My question involves malpractice by a lawyer in the state of: Minnesota
My husband hired a lawyer to represent him in an immigration issue. We requested that she retain another lawyer with experience in the 8th circuit of appeals to assist her in the case. In her haste to make a contract with us she did not include the other lawyer’s name, responsibility and fee scale but between my husband (the client), the other lawyer and herself there are a series of emails which indicate that there was an agreement that the fees would be split between herself and the other lawyer. The other lawyer did some work on the case, and after 20 days withdrew from it. He said he withdrew, because our lawyer delayed in paying him and blamed lack of payment on the client, although we had made a substantial down payment. He said, she made one excuse after another about covering his expenses and continued to delay. Our lawyer had told us the large down payment was in part to retain him—the other lawyer. (How the downpayment would be handled is not in writing).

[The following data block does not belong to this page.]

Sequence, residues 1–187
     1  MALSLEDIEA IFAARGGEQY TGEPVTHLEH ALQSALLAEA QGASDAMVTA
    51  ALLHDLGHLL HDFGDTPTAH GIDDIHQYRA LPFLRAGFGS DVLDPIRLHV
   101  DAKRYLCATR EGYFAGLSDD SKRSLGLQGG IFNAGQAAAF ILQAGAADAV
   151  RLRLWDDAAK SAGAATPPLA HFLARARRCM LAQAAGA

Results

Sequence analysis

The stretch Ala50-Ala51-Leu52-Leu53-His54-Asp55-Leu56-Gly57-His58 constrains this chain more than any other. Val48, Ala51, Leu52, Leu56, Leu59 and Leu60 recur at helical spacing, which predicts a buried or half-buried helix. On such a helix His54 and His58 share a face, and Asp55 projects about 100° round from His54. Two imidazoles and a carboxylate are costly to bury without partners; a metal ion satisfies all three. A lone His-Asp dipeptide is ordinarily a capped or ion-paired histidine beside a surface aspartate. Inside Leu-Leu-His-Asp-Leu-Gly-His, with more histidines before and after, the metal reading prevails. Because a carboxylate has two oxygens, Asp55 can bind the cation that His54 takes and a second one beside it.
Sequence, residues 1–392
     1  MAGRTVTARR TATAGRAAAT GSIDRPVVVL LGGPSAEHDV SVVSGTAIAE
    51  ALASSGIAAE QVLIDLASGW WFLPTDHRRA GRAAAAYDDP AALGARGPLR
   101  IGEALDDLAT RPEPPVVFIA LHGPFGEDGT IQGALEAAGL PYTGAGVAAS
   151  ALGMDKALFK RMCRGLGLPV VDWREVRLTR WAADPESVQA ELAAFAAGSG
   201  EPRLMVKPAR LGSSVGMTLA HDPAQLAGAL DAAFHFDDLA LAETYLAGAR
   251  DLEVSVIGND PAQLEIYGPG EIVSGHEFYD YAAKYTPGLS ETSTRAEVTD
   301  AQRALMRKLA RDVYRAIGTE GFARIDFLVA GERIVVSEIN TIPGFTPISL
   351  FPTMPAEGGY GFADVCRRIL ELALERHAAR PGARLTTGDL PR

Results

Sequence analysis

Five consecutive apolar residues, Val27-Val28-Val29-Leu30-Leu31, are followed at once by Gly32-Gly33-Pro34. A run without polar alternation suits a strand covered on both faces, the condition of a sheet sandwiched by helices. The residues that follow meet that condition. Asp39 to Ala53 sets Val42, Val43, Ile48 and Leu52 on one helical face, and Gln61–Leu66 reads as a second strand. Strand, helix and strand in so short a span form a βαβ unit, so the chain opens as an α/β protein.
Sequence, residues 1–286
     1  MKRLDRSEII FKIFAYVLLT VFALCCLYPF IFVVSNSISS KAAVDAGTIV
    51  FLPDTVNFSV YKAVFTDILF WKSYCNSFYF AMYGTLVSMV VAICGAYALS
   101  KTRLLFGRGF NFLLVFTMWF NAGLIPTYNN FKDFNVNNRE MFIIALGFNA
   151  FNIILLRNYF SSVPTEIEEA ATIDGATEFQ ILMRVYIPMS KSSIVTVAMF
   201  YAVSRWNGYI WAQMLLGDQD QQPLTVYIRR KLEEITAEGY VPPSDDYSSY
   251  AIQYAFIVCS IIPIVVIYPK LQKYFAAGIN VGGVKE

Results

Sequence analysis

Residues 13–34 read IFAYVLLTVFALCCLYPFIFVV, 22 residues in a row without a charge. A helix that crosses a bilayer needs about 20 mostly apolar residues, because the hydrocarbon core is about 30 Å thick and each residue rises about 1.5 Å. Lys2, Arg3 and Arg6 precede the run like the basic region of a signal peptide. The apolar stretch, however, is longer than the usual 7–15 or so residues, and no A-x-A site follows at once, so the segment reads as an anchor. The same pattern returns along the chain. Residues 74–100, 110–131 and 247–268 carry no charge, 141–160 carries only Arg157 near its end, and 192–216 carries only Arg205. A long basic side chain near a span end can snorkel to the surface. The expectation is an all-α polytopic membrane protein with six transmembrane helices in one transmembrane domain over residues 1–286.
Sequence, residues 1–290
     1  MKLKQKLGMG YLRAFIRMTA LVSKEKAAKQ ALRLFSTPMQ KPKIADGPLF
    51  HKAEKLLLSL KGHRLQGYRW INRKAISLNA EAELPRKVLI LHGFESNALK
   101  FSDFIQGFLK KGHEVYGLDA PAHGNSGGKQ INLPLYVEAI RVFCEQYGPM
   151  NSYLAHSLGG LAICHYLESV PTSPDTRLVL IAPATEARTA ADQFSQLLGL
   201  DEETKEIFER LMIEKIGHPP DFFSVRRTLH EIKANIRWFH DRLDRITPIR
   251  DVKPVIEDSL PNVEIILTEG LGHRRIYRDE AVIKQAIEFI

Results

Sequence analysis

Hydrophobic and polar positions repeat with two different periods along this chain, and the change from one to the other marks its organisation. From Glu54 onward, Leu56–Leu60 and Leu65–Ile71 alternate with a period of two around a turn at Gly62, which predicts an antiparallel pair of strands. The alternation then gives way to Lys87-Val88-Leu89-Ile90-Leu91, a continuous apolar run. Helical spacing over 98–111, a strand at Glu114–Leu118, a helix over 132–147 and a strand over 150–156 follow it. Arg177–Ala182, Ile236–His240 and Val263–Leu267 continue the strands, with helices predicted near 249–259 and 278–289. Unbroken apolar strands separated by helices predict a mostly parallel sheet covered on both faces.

We wished to retain the other lawyer. Our lawyer told us a month or more after the other lawyer withdrew, that she removed him because of his lack of performance. Our case was due in 2 weeks and it was impossible to search for and retain another lawyer—further, we had already paid her.
I filed a complaint against this lawyer for mishandling the case. The lawyer she hired to defend her states that I have the burden of showing a violation of Rule 4.1 by clear and convincing evidence. How can I demonstrate or give clear evidence that there was no communication when evidence for the lack of communication is simply that there is no communication--no email, no phone record, no anything? My lawyer provided “evidence” that she had called us by providing her phone records with an alleged list of my husband’s phone numbers. None of them were his number. And our mediating attorney simply rolled his eyes at me when I said so. Must I prove that this is the case by providing my husband’s phone records? And by calling everyone on the list she provided requesting their length of contract with the phone company?
Is the informal agreement between the two lawyers—the emails—is it contract enough to bind our lawyer to the obligations of the agreement the client and the other lawyer both made with her? Is she bound to pay the time and expense of the other lawyer?